Starkly shot in black and white, this account of the Nanking massacre in 1937 has an eerie, nightmarish quality.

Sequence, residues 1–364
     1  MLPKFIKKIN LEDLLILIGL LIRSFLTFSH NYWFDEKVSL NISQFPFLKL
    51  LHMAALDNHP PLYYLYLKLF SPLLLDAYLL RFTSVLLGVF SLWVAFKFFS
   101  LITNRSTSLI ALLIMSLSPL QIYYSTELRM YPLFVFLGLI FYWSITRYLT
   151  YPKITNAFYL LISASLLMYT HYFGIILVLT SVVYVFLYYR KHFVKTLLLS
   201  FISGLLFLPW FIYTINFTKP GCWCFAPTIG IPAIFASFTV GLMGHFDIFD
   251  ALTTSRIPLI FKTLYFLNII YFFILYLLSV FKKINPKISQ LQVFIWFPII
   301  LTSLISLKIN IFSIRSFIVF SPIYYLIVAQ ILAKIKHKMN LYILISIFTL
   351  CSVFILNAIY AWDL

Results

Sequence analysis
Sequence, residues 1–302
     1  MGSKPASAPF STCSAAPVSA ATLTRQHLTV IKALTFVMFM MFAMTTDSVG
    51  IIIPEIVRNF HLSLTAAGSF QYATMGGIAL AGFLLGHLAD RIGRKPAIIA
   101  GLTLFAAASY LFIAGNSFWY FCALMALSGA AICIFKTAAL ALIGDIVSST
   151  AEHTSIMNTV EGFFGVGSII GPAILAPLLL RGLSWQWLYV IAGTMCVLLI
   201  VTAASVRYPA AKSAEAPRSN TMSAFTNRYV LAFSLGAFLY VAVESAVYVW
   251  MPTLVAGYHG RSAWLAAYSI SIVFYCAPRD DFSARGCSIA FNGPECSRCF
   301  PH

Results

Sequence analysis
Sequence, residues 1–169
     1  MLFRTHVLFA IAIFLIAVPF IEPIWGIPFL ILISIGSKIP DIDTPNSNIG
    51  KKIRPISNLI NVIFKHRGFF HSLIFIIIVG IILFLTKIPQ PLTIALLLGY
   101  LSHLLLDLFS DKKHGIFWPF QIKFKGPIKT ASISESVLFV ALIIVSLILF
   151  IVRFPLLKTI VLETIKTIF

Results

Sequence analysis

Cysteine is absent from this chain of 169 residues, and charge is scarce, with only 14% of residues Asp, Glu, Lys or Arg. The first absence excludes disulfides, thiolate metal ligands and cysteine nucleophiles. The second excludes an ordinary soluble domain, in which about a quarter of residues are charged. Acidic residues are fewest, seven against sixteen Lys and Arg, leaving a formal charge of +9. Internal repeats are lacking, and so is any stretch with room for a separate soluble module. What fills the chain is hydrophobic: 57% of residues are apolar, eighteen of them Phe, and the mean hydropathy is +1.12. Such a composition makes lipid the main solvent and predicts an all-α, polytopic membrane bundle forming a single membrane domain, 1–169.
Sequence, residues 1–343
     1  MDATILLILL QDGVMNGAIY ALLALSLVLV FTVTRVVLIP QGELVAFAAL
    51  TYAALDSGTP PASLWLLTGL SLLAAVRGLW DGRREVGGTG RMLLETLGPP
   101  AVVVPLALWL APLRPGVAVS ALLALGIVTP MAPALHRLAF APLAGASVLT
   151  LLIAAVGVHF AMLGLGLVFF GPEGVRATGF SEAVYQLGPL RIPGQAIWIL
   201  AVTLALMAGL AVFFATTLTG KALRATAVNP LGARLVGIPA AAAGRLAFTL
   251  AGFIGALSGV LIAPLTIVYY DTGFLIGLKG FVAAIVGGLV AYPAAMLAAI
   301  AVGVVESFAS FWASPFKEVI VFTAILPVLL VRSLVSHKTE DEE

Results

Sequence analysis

Dialogue is kept to a minimum. In certain sequences, the film-makers achieve a newsreel-stye quality. Other moments are so extreme that they look like images from an apocalyptic Hieronymous Bosch painting. When the Japanese Imperial Army first enters Nanking, its soldiers are jittery. There is a vicious battle amid the rubble for control of the city. Then the slaughter begins. The Chinese are machine gunned, buried alive and bayoneted. The German representative, Nazi party member John Rabe, tries to stem the slaughter and establish a safety zone. This is very gruelling viewing but somehow Chuan manages to include redemptive and lyrical moments, in an attempt at understanding how such a catastrophic event could have been allowed to happen.Reuse content